15

I'm writing a medium size OOP application in C++ as a way to practice OOP principles.

I have several classes in my project, and some of them need to access run-time configuration parameters. These parameters are read from several sources during application start-up. Some are read from a config file in the users home-dir, some are command line arguments (argv).

So I created a class ConfigBlock. This class reads all the parameter sources and stores it in an appropriate data structure. Examples are path- and filenames which can be changed by user in the config file, or the --verbose CLI flag. Then, one can call ConfigBlock.GetVerboseLevel() in order to read this specific parameter.

My question: Is it good practice to collect all such runtime config data in one class?

Then, my classes need access to all these parameters. I can think of several ways to achieve this, but I'm not sure which one to take. A class' constructor can be a given a reference to my ConfigBlock, like

public:
    MyGreatClass(ConfigBlock &config);

Or they just include a header "CodingBlock.h" which contains a definition of my CodingBlock:

extern CodingBlock MyCodingBlock;

Then, only the classes .cpp file needs to include and use the ConfigBlock stuff.
The .h file does not introduce this interface to the user of the class. However, the interface to ConfigBlock is still there, however, it's hidden from the .h file.

Is it good to hide it this way?

I want the interface to be as small as possible, but in the end, I guess every class which needs config parameters has to have a connection to my ConfigBlock. But, what should this connection look like?

10

I'm quite the pragmatist, but my main concern here is that you might be allowing this ConfigBlock to dominate your interface designs in a possibly bad way. When you have something like this:

explicit MyGreatClass(const ConfigBlock& config);

... a more appropriate interface might be like this:

MyGreatClass(int foo, float bar, const string& baz);

... as opposed to just cherry-picking these foo/bar/baz fields out of a massive ConfigBlock.

Lazy Interface Design

On the plus side, this kind of design makes it easy to design a stable interface for your constructor, e.g., since if you end up needing something new, you can just load that into a ConfigBlock (possibly without any code changes) and then cherry-pick whatever new stuff you need without any kind of interface change, only a change to the implementation of MyGreatClass.

So it's both kind of a pro and con that this frees you of designing a more carefully thought-out interface that only accepts inputs it actually needs. It applies the mindset of, "Just give me this massive blob of data, I'll pick out what I need from it" as opposed to something more like, "These precise parameters are what this interface needs to work."

So there are definitely some pros here, but they might be heavily outweighed by the cons.

Coupling

In this scenario, all such classes being constructed from a ConfigBlock instance end up having their dependencies look like this:

enter image description here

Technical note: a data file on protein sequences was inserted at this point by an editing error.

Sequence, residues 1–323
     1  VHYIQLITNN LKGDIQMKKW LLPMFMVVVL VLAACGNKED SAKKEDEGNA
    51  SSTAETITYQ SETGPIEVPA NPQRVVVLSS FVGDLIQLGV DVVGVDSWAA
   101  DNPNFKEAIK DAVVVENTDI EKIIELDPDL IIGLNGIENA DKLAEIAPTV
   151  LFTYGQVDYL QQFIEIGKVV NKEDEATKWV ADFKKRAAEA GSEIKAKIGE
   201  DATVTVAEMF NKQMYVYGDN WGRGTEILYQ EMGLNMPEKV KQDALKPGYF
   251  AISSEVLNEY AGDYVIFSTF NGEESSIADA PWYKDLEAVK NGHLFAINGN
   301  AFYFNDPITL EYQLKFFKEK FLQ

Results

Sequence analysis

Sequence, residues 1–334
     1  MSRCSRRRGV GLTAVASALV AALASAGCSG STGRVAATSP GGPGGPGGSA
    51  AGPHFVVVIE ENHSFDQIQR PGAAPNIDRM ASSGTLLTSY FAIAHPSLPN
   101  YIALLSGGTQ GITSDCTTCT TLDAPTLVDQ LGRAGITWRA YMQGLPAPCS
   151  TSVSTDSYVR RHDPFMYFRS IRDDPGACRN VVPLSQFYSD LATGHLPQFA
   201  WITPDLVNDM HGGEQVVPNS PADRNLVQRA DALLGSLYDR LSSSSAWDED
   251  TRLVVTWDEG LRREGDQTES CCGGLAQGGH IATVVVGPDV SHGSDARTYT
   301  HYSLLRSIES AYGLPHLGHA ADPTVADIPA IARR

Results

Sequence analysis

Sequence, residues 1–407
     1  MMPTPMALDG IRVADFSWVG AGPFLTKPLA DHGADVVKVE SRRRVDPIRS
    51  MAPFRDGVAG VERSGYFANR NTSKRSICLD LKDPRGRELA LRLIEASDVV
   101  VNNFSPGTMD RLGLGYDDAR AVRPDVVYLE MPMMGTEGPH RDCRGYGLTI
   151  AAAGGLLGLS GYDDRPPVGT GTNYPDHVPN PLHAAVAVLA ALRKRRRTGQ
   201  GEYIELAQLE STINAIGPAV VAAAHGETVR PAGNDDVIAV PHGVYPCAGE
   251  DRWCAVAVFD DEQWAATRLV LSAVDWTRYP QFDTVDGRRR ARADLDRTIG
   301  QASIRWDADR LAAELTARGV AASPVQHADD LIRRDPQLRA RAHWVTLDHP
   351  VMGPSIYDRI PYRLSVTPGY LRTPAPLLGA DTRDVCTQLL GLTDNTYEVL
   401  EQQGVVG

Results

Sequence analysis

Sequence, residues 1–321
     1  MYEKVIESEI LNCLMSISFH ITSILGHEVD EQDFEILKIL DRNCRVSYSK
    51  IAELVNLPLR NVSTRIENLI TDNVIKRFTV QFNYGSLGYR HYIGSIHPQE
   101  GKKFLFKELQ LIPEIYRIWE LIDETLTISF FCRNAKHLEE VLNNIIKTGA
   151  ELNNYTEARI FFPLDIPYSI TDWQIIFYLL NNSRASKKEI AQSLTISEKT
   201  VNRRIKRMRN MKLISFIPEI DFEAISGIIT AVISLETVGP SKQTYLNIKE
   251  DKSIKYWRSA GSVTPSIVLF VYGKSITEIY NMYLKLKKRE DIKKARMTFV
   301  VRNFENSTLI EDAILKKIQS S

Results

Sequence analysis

This can become a PITA, for example, if you want to unit test Class2 in this diagram in isolation. You might have to superficially simulate various ConfigBlock inputs containing the relevant fields Class2 is interested in to be able to test it under a variety of conditions.

In any kind of new context (whether unit test or whole new project), any such classes can end up becoming more of a burden to (re)use, as we end up having to always bring ConfigBlock along for the ride, and setting it up accordingly.

Reusability/Deployability/Testability

Instead if you design these interfaces appropriately, we can decouple them from ConfigBlock and end up with something like this:

enter image description here

If you notice in this above diagram, all the classes become independent (their afferent/outgoing couplings reduce by 1).

This leads to a lot more independent classes (at least independent of ConfigBlock) which can be a lot easier to (re)use/test in new scenarios/projects.

Now this Client code ends up being the one that has to depend on everything and assemble it all together. The burden ends up being transferred to this client code to read the appropriate fields from a ConfigBlock and pass them into the appropriate classes as parameters. Yet such client code is generally narrowly-designed for a specific context, and its potential for reuse is typically going to be zilch or close anyway (it might be your application's main entry point function or something like that).

So from a reusability and testing standpoint, it can help to make these classes more independent. From an interface standpoint for those using your classes, it can also help to explicitly state what parameters they need instead of just one massive ConfigBlock which models the whole universe of data fields required for everything.

Conclusion

In general, this kind of class-oriented design which depends on a monolith which has everything needed tends to have these kinds of characteristics. Their applicability, deployability, reusability, testability, etc. can get significantly degraded as a result. Yet they can kind of simplify the interface design if we attempt a positive spin on it. It's up to you to measure those pros and cons and decide whether the trade-offs are worth it. Typically it's much safer to err against this kind of design where you're cherry-picking from a monolith in classes that are generally intended to model a more general and widely-applicable design.

Last but not least:

extern CodingBlock MyCodingBlock;

... this is potentially even worse (more skewed?) in terms of the characteristics described above than the dependency injection approach, as it ends up coupling your classes not only to ConfigBlocks, but directly to a specific instance of it. That further degrades applicability/deployability/testability.

My general advice would to err on the side of designing interfaces which don't depend on these kinds of monoliths to provide their parameters, at least for the most generally-applicable classes you design. And avoid the global approach without dependency injection if you can unless you really have a very strong and confident reason not to avoid it.

1

Usually the configuration of an application is consumed primarily by factory objects. Any object relying on configuration should be generated from one of those factory objects. You could utilize the Abstract Factory Pattern to implement one class that takes in the whole ConfigBlock object. This class would expose public methods to return other factory objects, and would only pass in the part of the ConfigBlock relevant to that particular factory object. That way the config settings "trickle down" from the ConfigBlock object to its members, and from the Factory factory to the factories.